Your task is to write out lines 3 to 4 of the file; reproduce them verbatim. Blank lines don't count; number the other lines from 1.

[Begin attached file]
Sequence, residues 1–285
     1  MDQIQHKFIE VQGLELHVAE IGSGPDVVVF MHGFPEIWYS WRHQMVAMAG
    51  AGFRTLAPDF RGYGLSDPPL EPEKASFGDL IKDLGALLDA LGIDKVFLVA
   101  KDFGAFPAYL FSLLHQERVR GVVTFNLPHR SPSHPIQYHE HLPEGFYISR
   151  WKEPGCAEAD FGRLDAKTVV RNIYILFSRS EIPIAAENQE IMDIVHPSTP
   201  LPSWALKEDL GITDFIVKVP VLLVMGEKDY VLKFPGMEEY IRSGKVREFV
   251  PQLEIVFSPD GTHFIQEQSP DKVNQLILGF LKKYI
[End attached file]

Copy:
    51  AGFRTLAPDF RGYGLSDPPL EPEKASFGDL IKDLGALLDA LGIDKVFLVA
   101  KDFGAFPAYL FSLLHQERVR GVVTFNLPHR SPSHPIQYHE HLPEGFYISR